Food & Drink » Anthony Gismondi on Wine

Food and Drink

The French connection



After what seems like years of endless wine tastings, it’s clear the patina of West Coast wine knowledge continues to age and deepen, much like the lustre of an old dining room table.

The sold-out Vancouver Playhouse International Wine Festival, which ended last week, marked 28 years of consumer interest in fine wine, and in an unexpected turnabout it was the Old World, not the upstart New, that generated an outpouring of vino enthusiasm.

The wine world talks incessantly about wine style, mostly in a New World versus Old World context, but what does that really mean?

The difference, primarily, is one of style. And while it’s a bit too simplistic to say, New World wines are richer, riper and usually more alcoholic on the palate. It’s no less true – or simplistic – to claim that Old World/European wines tend to be leaner in structure, and bear more acid and firmer tannins. In most cases, they are crafted to accompany food.

That said, a little of both generalizations is true for each style, as many discovered at the Playhouse. In that spirit l thought it might be fun to explore the New World versus Old World conundrum as it pertains to France and four key grape varieties. This is not a challenge, but rather an explanation of what you can expect from certain grapes as they appear in wines from across the globe.

Sauvignon Blanc tasted outside of France is repeatedly described as being like Sancerre or Pouilly Fumé. The problem is many consumers are simply unaware that fresh mineral crisp flavours of Sancerre, Pouilly Fumé and Touraine are linked to sauvignon blanc because under French appellation law producers emphasize place name and not grape variety.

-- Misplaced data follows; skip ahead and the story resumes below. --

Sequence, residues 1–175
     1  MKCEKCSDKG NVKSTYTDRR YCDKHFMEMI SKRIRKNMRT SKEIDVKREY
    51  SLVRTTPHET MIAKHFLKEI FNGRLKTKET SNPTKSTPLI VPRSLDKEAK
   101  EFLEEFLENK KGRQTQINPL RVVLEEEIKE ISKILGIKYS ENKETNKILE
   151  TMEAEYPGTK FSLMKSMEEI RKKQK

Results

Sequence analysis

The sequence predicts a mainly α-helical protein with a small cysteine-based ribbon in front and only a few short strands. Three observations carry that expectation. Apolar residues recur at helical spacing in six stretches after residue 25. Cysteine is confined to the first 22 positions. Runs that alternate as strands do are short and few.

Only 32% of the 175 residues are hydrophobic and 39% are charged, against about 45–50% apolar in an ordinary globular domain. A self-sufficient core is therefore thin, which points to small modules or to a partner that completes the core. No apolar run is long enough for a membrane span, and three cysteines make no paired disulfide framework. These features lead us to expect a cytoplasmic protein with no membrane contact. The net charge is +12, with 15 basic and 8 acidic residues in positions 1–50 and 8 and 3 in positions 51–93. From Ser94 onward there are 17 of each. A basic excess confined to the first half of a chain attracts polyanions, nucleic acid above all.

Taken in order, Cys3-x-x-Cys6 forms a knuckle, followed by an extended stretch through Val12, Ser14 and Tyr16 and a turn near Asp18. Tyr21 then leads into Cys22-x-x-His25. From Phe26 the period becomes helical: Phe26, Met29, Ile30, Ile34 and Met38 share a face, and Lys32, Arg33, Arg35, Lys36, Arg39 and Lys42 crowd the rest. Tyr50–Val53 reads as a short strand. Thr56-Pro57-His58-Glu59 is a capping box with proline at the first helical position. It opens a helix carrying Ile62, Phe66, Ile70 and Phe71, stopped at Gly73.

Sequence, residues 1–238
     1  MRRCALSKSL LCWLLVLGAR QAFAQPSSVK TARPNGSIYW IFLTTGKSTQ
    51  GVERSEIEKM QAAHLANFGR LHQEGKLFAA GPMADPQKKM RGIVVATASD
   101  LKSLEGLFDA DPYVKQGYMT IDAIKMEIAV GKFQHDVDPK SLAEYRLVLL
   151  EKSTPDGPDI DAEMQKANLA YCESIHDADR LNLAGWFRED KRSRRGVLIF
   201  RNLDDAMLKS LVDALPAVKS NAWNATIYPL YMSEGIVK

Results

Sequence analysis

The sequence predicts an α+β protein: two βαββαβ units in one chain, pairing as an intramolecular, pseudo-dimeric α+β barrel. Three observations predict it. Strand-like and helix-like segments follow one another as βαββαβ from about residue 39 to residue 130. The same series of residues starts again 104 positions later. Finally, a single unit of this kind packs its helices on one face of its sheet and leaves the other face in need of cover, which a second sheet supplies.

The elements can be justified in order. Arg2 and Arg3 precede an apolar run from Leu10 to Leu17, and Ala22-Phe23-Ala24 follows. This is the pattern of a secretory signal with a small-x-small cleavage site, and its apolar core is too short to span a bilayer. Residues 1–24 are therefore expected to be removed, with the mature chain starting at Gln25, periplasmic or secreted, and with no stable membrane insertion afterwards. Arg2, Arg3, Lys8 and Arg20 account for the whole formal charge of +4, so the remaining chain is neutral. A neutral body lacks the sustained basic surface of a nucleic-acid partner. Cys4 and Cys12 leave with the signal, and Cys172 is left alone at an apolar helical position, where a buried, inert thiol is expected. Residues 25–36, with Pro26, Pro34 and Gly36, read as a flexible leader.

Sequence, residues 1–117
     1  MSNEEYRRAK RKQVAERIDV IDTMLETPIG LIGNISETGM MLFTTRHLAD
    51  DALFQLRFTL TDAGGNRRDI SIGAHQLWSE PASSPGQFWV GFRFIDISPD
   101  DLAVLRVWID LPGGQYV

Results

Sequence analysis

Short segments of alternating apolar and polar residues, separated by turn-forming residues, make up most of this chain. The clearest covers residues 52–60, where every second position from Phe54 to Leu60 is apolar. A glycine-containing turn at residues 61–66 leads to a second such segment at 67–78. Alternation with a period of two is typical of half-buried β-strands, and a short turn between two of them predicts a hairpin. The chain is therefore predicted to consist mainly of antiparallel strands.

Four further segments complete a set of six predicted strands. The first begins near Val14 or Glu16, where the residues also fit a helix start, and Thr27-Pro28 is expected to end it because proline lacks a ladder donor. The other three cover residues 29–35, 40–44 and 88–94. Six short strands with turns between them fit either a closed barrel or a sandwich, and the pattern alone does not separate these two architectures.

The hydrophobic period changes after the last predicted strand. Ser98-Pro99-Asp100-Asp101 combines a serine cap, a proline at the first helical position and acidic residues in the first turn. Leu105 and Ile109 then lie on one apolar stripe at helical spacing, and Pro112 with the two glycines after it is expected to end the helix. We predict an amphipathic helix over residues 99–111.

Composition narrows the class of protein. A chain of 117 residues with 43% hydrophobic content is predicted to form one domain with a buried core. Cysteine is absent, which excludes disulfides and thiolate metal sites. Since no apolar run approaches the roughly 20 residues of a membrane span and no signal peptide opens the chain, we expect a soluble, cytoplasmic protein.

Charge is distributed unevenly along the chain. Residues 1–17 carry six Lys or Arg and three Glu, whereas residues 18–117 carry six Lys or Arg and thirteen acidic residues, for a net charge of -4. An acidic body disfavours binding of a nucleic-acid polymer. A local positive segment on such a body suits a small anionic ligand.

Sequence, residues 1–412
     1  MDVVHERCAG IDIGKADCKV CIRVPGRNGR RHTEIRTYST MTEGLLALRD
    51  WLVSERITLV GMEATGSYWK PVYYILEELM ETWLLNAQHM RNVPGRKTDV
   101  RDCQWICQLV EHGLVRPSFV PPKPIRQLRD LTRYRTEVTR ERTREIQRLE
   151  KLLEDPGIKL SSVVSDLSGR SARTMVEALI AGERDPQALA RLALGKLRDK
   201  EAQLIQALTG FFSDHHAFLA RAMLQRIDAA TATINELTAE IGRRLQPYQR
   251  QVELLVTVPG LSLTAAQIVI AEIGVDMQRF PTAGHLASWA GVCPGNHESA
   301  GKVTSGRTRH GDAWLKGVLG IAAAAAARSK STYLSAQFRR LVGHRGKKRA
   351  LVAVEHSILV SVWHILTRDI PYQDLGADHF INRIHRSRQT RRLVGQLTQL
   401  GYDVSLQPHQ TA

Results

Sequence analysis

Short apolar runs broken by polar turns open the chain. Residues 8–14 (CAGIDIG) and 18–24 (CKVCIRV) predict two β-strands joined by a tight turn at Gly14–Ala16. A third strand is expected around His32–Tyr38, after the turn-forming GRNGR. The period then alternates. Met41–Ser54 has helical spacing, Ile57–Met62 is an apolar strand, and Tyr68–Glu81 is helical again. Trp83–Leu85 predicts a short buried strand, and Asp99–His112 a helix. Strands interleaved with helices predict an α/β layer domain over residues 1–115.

In the New World, the best examples mimic the Loire-style, offering smoky, mineral, pear and green apple flavours, leaner structure and higher acidity. The best sites for doing so are Casablanca, Leyda and Limari in Chile, Marlborough in New Zealand and the Constantia/Coastal Region of South Africa.

Food brings the New and Old World examples closer together. Clams, green lip mussels, goat’s cheese, pasta and chicken salads rule the New World, while chèvre, any fish in sorrel sauce, onion tarts and mussels would be the French equivalent.

New World: Errazuriz Sauvignon Blanc 2005, Casablanca, Chile $15

Old World: Chateau De Sancerre 2003, Loire Valley, France $23

Chardonnay is wonderful vehicle for this kind of grape detective work. The latest vintages of New World chardonnay are garnering renewed respect for crisp, fresh styling. Worldwide, the best new chardonnay vines have been pushed to the coolest and most marginal vineyard sites, in terms of weather, where acidity and fruit are intensified long before the grape gets to the winery. This delivers more intensely flavoured fruit and more vibrant, mouth-watering acidity. California’s Sonoma Coast, Monterey and Santa Barbara lead the rush, with plenty of help from cool parts of New Zealand and Australia.